The plaintiff had only one witness PW1, Thadayo Joseph Jonas Ringo, Marketing Manager for the Lake Zone which includes Mwanza Region. PW1 testified to the effect that the defendant was a customers of the plaintiff and that during the period of November 1999 to December 2000, the plaintiff supplied to the defendant oil and lubricants as evidenced by invoices collectively marked exhibit P1. The total amount in the invoices was Shs.50,393,601/92 but the defendant had a credit balance of Shs.1,360,466/76 thus leaving an outstanding balance of Shs.49,033,135/16 PW1 added that when the plaintiff demanded payment of the said outstanding amount, the defendant accepted as evidence by exhibit P2.
This case is straightforward and need not detain me long. Apart from the invoices in exhibit P1, there is exhibit P2 dated 9/11/2000 from the defendant to the plaintiff which reads in part as follows –
“ The Commercial Area Manager
BP (Tanzania) Limited
P.O. Box 599
Re: DEMAND NOTE FOR THE SUM OF TSHS.49,033,135/16
OWING TO YOU.
The captioned subject together with our previous conversation in your office and later in our office refers.
We are greatly intending to pay the due amount as indicated above. As you know that our economic position at the moment is not so good but, we have already disposed some of our assets (refer Msanii Africa of 11/9/200 and 25/9/200) through a tender notice. Realization of any funds from this will be used to repay our outstanding debts, among others, the debt owing to you BP (Tanzania) Ltd……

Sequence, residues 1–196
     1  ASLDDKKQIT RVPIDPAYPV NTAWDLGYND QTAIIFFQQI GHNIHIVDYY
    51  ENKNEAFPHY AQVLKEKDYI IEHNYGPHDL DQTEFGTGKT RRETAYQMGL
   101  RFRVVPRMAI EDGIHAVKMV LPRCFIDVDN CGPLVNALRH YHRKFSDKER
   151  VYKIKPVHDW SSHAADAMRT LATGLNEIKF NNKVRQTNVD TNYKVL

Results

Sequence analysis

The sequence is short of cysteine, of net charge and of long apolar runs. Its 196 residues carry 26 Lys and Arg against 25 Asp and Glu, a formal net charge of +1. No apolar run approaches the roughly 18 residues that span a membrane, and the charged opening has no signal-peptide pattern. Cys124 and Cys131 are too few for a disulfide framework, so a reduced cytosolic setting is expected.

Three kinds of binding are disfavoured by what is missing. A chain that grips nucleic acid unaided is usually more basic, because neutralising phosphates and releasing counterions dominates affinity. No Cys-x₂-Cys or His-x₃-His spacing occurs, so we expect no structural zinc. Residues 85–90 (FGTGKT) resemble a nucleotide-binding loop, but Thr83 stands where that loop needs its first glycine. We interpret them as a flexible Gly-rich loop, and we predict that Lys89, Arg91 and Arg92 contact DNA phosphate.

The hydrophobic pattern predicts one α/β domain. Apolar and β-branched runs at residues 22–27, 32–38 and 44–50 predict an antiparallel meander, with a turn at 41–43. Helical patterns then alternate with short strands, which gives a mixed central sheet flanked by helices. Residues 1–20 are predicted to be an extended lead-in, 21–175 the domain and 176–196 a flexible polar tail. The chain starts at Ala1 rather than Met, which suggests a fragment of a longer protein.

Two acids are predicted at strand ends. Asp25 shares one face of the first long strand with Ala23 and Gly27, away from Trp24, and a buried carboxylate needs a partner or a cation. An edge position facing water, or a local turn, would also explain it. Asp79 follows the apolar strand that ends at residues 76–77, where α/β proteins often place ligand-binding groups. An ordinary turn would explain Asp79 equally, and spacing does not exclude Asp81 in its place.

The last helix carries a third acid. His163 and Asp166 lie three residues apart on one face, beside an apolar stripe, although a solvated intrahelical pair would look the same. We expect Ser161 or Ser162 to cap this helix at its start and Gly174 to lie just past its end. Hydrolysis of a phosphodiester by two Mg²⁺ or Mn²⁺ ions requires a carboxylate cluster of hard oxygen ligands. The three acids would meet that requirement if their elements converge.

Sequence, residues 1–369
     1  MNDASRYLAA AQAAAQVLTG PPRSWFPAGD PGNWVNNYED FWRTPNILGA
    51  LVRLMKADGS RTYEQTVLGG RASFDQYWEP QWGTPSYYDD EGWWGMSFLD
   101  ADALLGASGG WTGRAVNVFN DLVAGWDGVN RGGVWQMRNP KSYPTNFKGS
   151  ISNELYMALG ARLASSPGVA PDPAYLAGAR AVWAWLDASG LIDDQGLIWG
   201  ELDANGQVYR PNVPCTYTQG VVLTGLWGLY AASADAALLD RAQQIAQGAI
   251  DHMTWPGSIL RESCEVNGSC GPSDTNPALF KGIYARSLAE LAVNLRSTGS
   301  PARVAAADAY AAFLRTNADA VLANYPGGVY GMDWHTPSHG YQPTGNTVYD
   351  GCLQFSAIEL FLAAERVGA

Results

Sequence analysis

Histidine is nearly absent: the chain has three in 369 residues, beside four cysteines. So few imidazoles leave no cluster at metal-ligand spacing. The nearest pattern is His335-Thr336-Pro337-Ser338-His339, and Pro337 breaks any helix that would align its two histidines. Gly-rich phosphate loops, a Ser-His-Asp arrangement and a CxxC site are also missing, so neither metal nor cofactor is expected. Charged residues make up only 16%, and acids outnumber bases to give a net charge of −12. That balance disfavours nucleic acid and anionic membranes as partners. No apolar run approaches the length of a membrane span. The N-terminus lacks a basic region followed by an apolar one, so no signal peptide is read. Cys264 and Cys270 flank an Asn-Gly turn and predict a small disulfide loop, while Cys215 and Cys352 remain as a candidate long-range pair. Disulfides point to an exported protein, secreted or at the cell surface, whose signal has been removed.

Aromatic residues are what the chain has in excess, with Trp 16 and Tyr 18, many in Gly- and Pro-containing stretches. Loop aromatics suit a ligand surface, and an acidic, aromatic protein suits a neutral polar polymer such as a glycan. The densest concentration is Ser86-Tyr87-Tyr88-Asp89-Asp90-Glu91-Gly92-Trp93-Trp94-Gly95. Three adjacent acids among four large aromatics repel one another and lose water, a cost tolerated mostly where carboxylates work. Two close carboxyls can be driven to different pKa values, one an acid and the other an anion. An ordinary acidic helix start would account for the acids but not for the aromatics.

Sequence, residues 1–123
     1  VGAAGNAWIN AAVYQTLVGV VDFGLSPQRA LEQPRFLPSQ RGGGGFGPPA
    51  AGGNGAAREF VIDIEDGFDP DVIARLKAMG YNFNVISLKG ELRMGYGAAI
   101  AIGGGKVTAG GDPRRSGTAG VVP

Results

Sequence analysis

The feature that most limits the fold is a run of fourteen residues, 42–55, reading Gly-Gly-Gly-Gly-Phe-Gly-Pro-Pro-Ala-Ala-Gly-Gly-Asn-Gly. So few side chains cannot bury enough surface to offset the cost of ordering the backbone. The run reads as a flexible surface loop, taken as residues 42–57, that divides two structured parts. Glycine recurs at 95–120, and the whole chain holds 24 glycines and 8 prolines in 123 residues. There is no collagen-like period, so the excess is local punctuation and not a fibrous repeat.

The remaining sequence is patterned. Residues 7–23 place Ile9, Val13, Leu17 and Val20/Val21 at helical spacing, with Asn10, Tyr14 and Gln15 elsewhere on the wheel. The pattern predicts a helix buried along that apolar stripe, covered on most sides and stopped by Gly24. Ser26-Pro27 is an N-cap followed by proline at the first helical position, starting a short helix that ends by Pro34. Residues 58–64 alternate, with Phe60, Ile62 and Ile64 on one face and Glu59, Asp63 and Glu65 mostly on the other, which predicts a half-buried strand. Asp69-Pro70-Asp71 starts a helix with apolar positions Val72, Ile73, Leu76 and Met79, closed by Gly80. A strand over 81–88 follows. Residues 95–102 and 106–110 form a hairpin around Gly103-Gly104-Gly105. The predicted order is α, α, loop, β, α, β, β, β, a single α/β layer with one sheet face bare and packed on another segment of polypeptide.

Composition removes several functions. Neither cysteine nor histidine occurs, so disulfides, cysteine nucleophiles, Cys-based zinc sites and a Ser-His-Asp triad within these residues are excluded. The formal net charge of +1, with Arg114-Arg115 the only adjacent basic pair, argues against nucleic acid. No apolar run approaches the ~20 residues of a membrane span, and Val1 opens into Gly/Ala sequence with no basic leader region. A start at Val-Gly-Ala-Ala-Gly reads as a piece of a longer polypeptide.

We beg you please, reduce the measures you have intended on us. We will pay immediately after selling our disposed assets which is expected not later than June 2001…
Betty Khamese (MB)
for General Manager”
This letter taken together with exhibit P1 shows clearly that the defendant was indebted to the plaintiff in the sum of Shs.49,033,135/16 which remains unpaid despite the empty promise in exhibit P2 above. I have no hesitation that the plaintiff has established its claim according to law. The plaintiff is claiming interest on the judgment-debt at the commercial rate of 30% per annum from November, 1999 up to the date of judgment. The plaintiff has not led any evidence in connection with the 30% commercial rate of interest! It is certainly not reflected in the invoices in exhibit P1. Therefore in terms of Order XX rule 21 of the Civil Procedure Code, the plaintiff is entitled to 7% interest per annum on the judgment debt from November 1999 up to date of judgment. The plaintiff has surely been deprived of the use of money that was due to him.
In the result, I do hereby enter judgment for the plaintiff as under -
The defendant shall pay to the plaintiff the sum of Shs.49,033,135/16;
The amount of Shs.49,033,135/16 shall carry interest at the rate
of 7% per annum from November, 1999 up to the date hereof;
The defendant shall pay to the plaintiff interest at the rate of 7% per annum on the decretal amount from the date hereof until satisfaction of the debt;
The defendant is condemned to pay costs of this suit.
It is accordingly ordered.